Taste of Sea Spray by Nicola Smith
Review of The Blue by Mary McCallum [Penguin 2007]
The Press, July 28, 2007
Any novel that opens a window on a previously unimagined time and place is hard to put down and New Zealander Mary NcCallum's impressive debut novel, The Blue, achieves this spectacularly.
McCallum's voice is strong and beautifully honed from the first page of this fascinating story of the inter-war world of the small whaling community at Arapawa Island in the Tory Channel, where the wounds of World War 1 are still fresh while the unsuspected horrors of World War 2 loom ominously closer.
The Blue is Lilian Prideaux's story. A war bride and seemingly quintessential New Zealand woman of her era, Lilian is vigorous, hard working and resilient.
But the facade of commonality crumbles all too easily when the return of her troubled son creates fissures in the taut inter-relationships of the islanders.
McCallum captures the smallness of Lilian's world to perfection in prose that is vibrant with life, and deftly juxtaposes her mundane daily existence with the electrifying seasonal slaughter of whales which is the life-blood of the small community.
Like war whaling was men's work in 1938 and yet both powerfully shape Lilian's life; and McCallum's representation of both the trenches and the hunt are unflinching.
Barbaric and enthralling, the three-month whaling season galvanises the entire community, and McCallum skilfully avoids straying into moralist, while starkly revealing how much New Zealand has changed in so short a time.
Moving seamlessly between past and present McCallum gradually reveals the unseen fractures in Lilian's life through the characters of her children, husband and the island community.
The freshness of her prose is remarkable, with descriptions so vivid you can almost taste the salt spray and smell the pine needles underfoot. Her portrayal of the 1930s man is particularly subtle and insightful.
The Blue offers a fascinating insight into a past era and a lost way of life. McCallum's deft and skilful handling of her story produces an original, polished first novel and the promise of a second that will be well worth waiting for.
There's nothing like a first review of a book for an author. The week The Blue was released into the shops last July, my friend Penny rang me from Christchurch to say The Press had a review (yes, the same Penny who rang me to tell me about the Montana shortlisting). She read it over the phone and we both danced for joy.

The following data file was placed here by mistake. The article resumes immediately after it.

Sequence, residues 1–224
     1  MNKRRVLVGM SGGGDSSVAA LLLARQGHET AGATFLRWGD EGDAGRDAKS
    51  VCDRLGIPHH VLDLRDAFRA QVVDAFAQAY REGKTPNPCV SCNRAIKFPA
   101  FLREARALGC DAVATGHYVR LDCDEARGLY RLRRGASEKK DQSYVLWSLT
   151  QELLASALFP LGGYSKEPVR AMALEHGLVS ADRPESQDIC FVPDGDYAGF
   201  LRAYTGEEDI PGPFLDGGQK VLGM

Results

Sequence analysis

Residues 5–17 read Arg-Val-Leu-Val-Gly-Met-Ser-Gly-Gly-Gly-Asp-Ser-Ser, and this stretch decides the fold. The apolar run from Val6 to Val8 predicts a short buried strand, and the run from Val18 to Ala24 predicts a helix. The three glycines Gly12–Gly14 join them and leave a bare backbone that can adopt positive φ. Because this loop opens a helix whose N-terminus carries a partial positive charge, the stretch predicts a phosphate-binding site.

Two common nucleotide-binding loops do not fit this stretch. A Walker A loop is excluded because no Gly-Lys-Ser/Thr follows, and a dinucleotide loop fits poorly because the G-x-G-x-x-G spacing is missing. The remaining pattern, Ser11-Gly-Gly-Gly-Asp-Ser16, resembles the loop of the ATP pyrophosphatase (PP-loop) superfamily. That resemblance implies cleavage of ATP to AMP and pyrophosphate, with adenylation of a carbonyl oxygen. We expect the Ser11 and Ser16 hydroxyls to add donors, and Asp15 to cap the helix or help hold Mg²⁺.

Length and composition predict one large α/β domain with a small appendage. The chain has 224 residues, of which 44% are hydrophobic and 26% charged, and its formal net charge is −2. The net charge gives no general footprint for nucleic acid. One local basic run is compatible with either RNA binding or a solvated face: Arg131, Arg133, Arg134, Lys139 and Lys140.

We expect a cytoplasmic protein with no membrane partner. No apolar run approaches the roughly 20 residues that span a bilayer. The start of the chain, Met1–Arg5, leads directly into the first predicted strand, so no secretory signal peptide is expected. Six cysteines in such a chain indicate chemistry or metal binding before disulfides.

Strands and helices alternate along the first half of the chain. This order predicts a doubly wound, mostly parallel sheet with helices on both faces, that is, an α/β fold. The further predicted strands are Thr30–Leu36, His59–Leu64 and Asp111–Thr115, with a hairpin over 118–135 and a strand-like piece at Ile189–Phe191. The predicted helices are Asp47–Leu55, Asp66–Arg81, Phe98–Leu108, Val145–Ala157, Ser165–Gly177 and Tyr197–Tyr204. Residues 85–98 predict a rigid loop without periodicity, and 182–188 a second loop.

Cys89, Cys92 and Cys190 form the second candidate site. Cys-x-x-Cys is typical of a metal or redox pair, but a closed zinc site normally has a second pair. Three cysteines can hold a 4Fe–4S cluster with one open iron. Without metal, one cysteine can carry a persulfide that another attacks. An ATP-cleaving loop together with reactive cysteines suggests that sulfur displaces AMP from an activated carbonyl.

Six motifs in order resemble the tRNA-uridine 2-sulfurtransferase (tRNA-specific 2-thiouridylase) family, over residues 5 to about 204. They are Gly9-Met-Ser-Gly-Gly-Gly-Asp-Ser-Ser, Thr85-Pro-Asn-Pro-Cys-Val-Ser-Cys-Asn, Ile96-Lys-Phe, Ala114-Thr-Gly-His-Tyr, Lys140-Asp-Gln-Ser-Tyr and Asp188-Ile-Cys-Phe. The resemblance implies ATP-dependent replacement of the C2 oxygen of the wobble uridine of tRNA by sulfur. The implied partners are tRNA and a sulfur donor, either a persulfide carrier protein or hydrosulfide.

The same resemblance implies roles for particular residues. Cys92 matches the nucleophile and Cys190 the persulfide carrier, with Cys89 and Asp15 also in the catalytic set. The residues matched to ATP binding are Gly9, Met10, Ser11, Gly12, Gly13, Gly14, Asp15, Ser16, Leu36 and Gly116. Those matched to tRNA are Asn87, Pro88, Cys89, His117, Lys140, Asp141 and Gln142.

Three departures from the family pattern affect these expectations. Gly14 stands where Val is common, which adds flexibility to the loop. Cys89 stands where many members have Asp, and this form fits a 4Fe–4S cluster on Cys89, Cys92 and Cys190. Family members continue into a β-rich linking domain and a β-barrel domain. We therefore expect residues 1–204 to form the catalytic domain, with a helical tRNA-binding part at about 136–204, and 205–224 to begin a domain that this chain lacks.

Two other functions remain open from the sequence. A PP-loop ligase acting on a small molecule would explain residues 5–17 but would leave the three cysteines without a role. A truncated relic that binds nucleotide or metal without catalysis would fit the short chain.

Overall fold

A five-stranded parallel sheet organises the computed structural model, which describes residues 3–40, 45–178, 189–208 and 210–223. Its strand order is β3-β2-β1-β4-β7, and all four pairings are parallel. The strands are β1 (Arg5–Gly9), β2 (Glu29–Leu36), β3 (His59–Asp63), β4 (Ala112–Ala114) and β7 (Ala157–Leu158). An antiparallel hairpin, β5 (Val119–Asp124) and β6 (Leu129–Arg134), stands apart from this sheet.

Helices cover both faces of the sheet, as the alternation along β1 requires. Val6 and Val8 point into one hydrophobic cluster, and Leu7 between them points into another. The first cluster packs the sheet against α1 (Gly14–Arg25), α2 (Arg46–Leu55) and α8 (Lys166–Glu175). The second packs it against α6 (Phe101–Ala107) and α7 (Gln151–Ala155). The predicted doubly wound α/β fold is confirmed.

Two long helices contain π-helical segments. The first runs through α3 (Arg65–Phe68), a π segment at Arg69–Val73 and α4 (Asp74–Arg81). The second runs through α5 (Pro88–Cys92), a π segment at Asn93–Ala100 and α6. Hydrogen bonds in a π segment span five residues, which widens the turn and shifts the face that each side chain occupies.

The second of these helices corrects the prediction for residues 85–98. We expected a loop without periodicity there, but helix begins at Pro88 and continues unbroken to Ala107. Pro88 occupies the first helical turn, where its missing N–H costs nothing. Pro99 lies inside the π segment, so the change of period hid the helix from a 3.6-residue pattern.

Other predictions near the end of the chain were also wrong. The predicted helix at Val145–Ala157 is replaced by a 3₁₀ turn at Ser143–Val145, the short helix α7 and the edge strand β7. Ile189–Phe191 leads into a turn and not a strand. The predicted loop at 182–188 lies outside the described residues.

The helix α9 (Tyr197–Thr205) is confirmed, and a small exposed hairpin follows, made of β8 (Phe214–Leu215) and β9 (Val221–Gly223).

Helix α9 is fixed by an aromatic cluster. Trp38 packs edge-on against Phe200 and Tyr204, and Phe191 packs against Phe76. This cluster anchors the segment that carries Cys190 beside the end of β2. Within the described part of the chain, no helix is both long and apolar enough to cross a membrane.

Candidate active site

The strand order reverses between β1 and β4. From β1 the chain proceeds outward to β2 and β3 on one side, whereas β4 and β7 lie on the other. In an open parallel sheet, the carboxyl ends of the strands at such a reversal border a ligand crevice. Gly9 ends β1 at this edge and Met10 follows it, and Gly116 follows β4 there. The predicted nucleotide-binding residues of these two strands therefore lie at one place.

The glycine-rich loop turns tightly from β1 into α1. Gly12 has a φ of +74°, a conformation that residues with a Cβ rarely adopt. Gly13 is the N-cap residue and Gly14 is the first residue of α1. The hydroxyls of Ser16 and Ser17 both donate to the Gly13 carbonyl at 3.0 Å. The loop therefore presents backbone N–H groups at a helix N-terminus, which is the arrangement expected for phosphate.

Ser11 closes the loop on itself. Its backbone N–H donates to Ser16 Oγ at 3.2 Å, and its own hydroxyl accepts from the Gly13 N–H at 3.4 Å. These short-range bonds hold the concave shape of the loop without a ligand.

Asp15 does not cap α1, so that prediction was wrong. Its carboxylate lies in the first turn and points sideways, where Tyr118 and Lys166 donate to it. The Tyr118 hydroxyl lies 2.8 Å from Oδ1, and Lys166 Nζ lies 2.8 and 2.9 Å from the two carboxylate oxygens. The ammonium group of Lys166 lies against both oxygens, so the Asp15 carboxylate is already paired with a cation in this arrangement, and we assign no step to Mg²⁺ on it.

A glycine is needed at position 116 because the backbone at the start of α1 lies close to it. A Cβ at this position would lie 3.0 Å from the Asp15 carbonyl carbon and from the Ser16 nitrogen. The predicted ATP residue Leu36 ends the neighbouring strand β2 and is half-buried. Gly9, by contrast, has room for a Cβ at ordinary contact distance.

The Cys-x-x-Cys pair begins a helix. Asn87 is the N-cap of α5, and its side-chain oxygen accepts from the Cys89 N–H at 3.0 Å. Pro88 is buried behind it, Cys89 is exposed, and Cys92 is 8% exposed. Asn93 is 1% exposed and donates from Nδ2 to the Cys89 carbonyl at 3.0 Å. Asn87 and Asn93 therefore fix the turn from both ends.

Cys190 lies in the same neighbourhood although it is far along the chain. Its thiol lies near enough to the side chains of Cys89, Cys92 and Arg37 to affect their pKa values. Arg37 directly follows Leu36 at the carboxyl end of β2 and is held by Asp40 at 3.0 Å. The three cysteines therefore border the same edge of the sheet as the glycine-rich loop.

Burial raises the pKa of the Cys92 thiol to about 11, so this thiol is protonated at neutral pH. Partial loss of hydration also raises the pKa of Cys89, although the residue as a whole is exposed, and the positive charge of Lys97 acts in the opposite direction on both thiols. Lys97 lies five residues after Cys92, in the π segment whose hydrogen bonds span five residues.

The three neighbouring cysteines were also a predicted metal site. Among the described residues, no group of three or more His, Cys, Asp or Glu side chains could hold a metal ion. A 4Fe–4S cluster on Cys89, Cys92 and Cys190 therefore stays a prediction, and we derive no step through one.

It was by Nicola Smith and I decided to run it in full on the blog today because there's no obvious web link I can use and it's a nice counterpoint to The Montana excitement - the excitement of the single reader at home with the book.
When I emailed to get Nicola's permission to run the review, she told me she'd only just had a baby when she read The Blue. She said, 'I enjoyed your book so much it distracted me from staring at my new baby for several hours.'A new baby!
I know two people for whom The Blue was the last book they ever read. My dear friend Colin who died aged 83 and my friend Valerie's cousin.Colin didn't finish it. He died peacefully with one more chapter to go. And so the book became one of the bookends of his long and colourful life, like seeing his last seagull, patting his dog for the last time, going to his last play. Who knows which book was his first? It would have been read to him, no doubt, by his elegant mother Zillah who wore long buttoned gloves even in the country. A fairytale, I think.
Anyway, it's nice to know The Blue has been read at both ends of the spectrum. Even if the baby didn't exactly read it, she (he?) couldn't have been closer. (Actually come to think of it, this baby must be nearly one by now, walking perhaps, certainly enjoying books.)
The other serendipitous thing about this perfect first review is that it came out in the South Island which is the home of The Blue.
Photo: Me at Rona Gallery - where I work and The Blue was launched - the week it was released into the shops.